The Tax Collector's Prayer
1. In this chapter in verses one through eight Jesus told a parable to his disciples so that they would pray without ceasing and not lose heart or be discouraged. The story Jesus told which we are studying today is the following parable given to those who believed they were righteous people and holy men, [yet] were conceited and looked down on others.
2. "Two men went up to the temple to pray. One was a Pharisee. The other was a tax collector. The Pharisee stood up and prayed like this in his heart: 'O God, I am not a person who steals, an unrighteous man, who commits adultery like other men, and I give thanks that I am also not a person like this tax collector. I fast twice a week and I present a tenth of all my income,'" (verses ten through twelve).
3. The Pharisee elevated himself and turning towards himself, (which is literally translated as "in his heart,") he prayed that prayer about himself. He said, "I have kept the law of Moses," (Matthew 19:20). And, "I give thanks that I am not a sinner like this tax collector. I fast twice a week and I present a tenth of all my income."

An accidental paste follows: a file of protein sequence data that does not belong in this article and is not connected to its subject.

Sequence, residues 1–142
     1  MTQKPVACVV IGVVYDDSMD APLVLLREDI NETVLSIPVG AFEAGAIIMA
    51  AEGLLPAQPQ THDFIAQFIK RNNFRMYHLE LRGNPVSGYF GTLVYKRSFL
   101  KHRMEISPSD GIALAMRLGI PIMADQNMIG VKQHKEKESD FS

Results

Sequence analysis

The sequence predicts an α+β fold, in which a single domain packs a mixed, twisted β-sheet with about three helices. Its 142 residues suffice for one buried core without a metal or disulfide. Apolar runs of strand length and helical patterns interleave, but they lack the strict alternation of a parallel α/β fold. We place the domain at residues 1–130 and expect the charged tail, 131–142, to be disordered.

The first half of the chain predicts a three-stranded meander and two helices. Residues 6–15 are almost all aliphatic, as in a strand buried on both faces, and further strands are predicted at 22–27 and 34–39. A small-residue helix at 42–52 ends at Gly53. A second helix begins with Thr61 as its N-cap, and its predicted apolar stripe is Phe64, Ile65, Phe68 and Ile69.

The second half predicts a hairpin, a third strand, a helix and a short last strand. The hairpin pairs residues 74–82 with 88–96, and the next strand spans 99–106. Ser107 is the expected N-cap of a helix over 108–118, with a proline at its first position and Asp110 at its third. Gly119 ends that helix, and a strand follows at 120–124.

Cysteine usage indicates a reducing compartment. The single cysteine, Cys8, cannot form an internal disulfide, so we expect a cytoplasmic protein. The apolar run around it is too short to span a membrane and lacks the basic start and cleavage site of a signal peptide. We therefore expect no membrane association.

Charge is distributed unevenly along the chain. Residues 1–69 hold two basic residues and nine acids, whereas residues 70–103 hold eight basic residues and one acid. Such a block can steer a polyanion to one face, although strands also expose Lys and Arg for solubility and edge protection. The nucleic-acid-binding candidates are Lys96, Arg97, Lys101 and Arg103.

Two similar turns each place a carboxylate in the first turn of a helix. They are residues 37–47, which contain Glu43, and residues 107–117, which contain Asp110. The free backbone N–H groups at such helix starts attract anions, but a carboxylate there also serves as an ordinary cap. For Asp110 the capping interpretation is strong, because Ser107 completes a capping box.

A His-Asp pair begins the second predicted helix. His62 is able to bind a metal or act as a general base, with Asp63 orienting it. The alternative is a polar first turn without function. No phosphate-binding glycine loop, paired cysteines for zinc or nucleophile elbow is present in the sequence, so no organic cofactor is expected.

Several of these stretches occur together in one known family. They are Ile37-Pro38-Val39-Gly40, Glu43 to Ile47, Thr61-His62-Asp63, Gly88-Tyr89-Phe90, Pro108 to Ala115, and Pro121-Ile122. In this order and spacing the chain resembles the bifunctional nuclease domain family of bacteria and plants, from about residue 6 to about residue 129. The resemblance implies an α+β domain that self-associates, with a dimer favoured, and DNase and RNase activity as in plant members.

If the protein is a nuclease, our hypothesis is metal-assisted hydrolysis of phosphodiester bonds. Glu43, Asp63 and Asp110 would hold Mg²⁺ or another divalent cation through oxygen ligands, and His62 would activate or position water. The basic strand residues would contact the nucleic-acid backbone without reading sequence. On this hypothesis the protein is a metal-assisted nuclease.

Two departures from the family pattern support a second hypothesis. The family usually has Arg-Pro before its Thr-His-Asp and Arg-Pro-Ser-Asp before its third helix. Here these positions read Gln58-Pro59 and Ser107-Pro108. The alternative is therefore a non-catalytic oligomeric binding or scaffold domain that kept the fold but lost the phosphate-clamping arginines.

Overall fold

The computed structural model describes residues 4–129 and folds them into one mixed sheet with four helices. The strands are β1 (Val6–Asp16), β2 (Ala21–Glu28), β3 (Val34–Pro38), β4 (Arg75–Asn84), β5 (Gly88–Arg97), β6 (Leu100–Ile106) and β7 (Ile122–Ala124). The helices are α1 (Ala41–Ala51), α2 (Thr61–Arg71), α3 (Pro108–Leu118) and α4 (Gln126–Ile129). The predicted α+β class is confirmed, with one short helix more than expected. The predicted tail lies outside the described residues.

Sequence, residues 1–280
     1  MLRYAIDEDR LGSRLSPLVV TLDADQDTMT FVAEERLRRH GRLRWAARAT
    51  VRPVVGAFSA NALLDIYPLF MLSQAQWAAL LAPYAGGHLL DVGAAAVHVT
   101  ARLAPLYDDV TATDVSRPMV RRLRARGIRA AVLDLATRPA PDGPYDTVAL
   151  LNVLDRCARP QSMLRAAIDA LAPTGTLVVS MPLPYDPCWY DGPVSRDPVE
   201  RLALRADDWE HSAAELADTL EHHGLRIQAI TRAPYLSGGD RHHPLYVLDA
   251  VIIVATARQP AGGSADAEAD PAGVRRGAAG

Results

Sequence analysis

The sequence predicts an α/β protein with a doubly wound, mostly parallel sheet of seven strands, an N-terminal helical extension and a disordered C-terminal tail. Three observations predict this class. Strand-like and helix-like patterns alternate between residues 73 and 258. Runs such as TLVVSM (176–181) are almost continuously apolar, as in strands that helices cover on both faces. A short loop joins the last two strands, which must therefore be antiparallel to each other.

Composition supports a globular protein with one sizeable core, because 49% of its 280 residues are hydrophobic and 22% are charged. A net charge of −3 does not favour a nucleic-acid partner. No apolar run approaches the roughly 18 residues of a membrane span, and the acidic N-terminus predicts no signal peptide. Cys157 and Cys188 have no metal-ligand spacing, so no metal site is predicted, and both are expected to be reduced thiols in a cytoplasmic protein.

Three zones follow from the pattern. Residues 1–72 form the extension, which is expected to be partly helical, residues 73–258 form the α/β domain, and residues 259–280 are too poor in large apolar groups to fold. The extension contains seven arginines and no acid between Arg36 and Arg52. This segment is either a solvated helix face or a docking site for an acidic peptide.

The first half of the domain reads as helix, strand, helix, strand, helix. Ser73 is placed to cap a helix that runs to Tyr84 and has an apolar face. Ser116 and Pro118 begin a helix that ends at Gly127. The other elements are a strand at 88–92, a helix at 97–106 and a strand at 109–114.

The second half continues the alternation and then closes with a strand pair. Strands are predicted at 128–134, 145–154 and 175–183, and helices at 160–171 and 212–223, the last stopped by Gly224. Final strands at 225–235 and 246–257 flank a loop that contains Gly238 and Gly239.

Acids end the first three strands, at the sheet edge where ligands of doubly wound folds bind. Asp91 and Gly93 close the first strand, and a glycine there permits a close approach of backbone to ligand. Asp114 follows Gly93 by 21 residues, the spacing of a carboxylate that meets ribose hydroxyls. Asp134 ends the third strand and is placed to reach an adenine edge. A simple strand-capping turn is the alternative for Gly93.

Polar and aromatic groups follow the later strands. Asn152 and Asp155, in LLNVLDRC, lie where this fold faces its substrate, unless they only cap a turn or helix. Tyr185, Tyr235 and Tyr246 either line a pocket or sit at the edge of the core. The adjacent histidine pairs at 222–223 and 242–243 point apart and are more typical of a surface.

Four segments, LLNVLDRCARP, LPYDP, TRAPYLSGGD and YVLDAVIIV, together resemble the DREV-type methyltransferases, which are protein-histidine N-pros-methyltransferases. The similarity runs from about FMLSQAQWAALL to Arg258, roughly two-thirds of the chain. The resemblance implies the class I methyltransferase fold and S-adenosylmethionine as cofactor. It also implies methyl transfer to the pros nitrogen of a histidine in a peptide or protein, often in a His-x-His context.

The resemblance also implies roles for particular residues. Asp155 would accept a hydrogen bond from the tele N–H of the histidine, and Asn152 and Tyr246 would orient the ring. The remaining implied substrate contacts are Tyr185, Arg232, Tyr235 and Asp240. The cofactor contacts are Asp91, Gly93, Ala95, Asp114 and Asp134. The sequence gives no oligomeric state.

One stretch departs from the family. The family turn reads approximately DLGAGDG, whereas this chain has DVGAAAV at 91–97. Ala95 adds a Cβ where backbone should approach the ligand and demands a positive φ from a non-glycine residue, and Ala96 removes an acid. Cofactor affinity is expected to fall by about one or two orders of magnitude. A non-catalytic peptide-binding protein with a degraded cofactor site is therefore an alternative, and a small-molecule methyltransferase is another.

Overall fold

4. "Pharisee" means "a person who is separated." As persons faithful to the law they devoted themselves to keeping separated from all those who were not clean. They were originally persons who held in high regard the law of God and would not make worldly compromises, but kept the commandments of the Lord with all their strength and with a pious lifestyle for their motto they prayed daily, had regular fasts and were waiting in hope for the kingdom of God. It is believed they were an assembly of followers who worked as laborers, farmers, and merchants in general and that there were back then more than six thousand members. The Pharisees would differentiate themselves as an elite group within Judaism and apart from those cursed who did not discern the law (John 7:49). Because associating with sinners who did not keep the law was a defiling of their own selves they kept themselves at a distance from them. Therefore, it was impossible for the Pharisees to understand how Jesus associated actively with people who were considered sinners by the public. (Mark 2:15-16), the Pharisees were zealous in studying the law. Many outstanding legal scholars turned out in great numbers from them. So, using written law and oral traditions, they interpreted in detail on the law of Moses on how they should live their daily lives. In The Acts Of The Apostles (26:5), Paul even says, "According to the strictest sect of our religion, I lived a faithful life as a Pharisee." Paul's teacher, Gamaliel, was also a Pharisee, (refer to Acts 5:34). The Pharisees were in the highest court and wielded great influence there. Furthermore, after the fall of Jerusalem, they moved at the center in the regional synagogues and they played a major leading role even up to these modern times in the rebuilding of Judaism.